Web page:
Grant
Agency: GTR | Branch: EPSRC | Program: | Phase: Fellowship | Award Amount: 1.24M | Year: 2015

Future information and communication networks will certainly consist of both classical and quantum devices, some of which are expected to be dishonest, with various degrees of functionality, ranging from simple routers to servers executing quantum algorithms. The realisation of such a complex network of classical and quantum communication must rely on a solid theoretical foundation that, nevertheless, is able to foresee and handle the intricacies of real-life implementations. The study of security, efficiency and verification of quantum communication and computation is inherently related to the fundamental notions of quantum mechanics, including entanglement and non-locality, as well as to central notions in classical complexity theory and cryptography. The central Research objective of our proposal is an end to end investigation of the verification and validation of quantum technologies, from full scale quantum computers and simulators to communication networks with devices of varying size and complexity down to realistic ``quantum gadgets. This goal represents a key challenge in the transition from theory to practice for quantum computing technologies. We will work closely with experimentalists and engineers to ensure that theoretical progress takes Development considerations into account, and will design prototypes for proof-of-principle demonstrations of our methods. The experimental aspects of our proposal are supported by the PIs associate directorial position at the Oxford led hub, joint projects with the York led hub as well as other ongoing collaborations with experimental labs in France and Austria. Meanwhile the required expertise in engineering design would be supported through a new collaboration of the PI as part of the Edinburgh Li-Fi research and development centre. The Deployment axis, complementing our core activity in research-development, will be built upon the unique Edinburgh entrepreneurial culture supported by Informatics Ventures as well as a dedicated senior business advisory board (which sponsored the PIs recent patent on quantum cloud). Advances to the problem of secure delegated computation would have an immediate significant consequence on how computational problems are solved in the real world. One can envision virtually unlimited computational power to end users on the go, using just a simple terminal to access the computing cloud which would turn any smartphone into a quantum-enhanced phone. This will generate new streams of growth for the UK cyber security sector as well as complementary business developments for the National quantum technology investment.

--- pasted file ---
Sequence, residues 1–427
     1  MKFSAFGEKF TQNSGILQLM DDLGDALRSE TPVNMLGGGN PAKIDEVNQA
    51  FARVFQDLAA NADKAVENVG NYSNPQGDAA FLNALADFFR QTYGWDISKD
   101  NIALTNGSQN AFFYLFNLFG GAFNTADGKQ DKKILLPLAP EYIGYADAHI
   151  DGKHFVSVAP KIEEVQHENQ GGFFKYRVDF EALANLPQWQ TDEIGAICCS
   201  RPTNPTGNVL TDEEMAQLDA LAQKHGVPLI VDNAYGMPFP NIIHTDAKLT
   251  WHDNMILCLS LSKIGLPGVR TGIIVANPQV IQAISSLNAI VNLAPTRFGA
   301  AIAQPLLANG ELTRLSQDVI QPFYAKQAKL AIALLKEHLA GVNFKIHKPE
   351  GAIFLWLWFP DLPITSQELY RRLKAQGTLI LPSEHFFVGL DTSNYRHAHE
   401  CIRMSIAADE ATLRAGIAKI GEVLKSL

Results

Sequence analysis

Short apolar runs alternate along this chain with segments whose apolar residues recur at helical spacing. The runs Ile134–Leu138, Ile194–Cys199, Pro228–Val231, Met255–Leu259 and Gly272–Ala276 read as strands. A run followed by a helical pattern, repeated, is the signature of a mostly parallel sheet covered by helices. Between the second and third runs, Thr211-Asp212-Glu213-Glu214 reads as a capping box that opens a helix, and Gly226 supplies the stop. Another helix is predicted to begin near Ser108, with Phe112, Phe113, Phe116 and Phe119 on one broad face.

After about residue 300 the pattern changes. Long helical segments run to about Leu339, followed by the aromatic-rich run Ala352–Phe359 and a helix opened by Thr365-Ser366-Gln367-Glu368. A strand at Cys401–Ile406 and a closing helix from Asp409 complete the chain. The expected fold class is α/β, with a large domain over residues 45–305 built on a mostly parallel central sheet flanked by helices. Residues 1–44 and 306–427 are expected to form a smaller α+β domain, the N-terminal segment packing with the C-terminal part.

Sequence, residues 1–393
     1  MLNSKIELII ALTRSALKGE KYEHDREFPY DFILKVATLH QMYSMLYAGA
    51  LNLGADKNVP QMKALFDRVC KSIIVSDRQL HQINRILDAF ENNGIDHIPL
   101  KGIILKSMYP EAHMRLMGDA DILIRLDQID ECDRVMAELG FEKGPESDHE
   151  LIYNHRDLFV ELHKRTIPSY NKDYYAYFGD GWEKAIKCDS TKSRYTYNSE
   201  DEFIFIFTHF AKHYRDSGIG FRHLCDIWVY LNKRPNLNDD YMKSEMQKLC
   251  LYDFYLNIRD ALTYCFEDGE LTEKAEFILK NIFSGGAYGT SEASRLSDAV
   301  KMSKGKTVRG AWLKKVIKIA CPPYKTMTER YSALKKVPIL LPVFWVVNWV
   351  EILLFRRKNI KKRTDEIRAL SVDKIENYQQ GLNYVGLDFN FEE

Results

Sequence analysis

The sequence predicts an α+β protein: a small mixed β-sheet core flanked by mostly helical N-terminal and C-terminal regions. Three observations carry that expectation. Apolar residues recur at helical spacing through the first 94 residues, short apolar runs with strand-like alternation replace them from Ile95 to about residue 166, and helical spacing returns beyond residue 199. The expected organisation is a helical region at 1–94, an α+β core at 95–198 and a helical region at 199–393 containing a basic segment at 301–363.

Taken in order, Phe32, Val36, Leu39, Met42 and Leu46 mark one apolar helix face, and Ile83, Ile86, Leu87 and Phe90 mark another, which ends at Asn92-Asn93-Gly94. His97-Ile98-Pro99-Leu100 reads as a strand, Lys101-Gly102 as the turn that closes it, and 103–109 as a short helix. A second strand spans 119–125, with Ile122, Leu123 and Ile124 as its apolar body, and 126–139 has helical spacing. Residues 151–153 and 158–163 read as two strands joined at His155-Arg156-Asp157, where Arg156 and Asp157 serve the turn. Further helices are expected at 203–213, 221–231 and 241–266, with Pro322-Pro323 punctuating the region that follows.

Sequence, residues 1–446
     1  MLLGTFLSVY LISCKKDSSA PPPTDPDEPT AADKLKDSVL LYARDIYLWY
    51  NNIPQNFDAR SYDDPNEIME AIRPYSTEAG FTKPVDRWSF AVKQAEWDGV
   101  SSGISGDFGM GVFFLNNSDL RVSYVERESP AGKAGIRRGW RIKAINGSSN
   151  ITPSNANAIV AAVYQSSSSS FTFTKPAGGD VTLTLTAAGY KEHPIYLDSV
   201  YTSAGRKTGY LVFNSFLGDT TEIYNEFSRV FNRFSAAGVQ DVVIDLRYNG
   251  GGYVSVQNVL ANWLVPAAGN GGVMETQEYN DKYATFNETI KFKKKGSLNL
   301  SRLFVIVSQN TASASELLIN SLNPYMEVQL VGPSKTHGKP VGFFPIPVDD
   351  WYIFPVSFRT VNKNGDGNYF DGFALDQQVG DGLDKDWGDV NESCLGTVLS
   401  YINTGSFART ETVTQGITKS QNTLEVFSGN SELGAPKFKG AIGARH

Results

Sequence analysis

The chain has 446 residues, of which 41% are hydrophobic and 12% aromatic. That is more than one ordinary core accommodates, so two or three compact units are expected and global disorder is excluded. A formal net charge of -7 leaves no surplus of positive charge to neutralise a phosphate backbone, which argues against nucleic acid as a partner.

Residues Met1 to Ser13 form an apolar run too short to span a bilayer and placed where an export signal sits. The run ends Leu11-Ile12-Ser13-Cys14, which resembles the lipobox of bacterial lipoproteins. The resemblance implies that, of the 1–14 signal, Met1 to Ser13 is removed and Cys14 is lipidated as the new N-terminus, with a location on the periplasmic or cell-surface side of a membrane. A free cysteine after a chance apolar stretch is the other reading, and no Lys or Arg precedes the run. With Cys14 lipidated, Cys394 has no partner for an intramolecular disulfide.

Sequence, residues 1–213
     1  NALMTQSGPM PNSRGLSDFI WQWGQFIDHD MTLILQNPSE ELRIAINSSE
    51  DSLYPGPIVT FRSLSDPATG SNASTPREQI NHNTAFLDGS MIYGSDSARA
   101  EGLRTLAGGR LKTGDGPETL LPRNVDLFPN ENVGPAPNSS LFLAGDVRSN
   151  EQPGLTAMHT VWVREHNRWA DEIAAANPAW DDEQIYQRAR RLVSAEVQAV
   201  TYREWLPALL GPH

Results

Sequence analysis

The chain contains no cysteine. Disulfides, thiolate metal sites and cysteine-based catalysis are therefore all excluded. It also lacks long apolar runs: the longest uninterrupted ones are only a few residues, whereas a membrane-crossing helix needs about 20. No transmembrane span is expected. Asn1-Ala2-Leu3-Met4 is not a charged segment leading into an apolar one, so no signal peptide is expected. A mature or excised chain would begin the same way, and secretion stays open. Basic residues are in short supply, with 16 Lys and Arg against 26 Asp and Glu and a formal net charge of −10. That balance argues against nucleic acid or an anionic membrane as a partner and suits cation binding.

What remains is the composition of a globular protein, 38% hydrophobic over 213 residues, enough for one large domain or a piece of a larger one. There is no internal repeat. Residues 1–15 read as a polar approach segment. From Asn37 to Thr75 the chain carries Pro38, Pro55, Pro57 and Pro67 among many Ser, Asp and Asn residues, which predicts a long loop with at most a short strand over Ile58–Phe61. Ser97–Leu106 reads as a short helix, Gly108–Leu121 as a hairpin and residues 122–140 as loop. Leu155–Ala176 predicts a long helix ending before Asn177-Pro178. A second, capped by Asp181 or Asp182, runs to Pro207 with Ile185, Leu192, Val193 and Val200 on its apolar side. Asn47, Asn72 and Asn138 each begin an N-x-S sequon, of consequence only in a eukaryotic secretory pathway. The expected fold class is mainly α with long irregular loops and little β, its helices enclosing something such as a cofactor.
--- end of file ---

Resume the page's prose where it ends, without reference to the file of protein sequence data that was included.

Grant
Agency: GTR | Branch: BBSRC | Program: | Phase: Research Grant | Award Amount: 636.76K | Year: 2014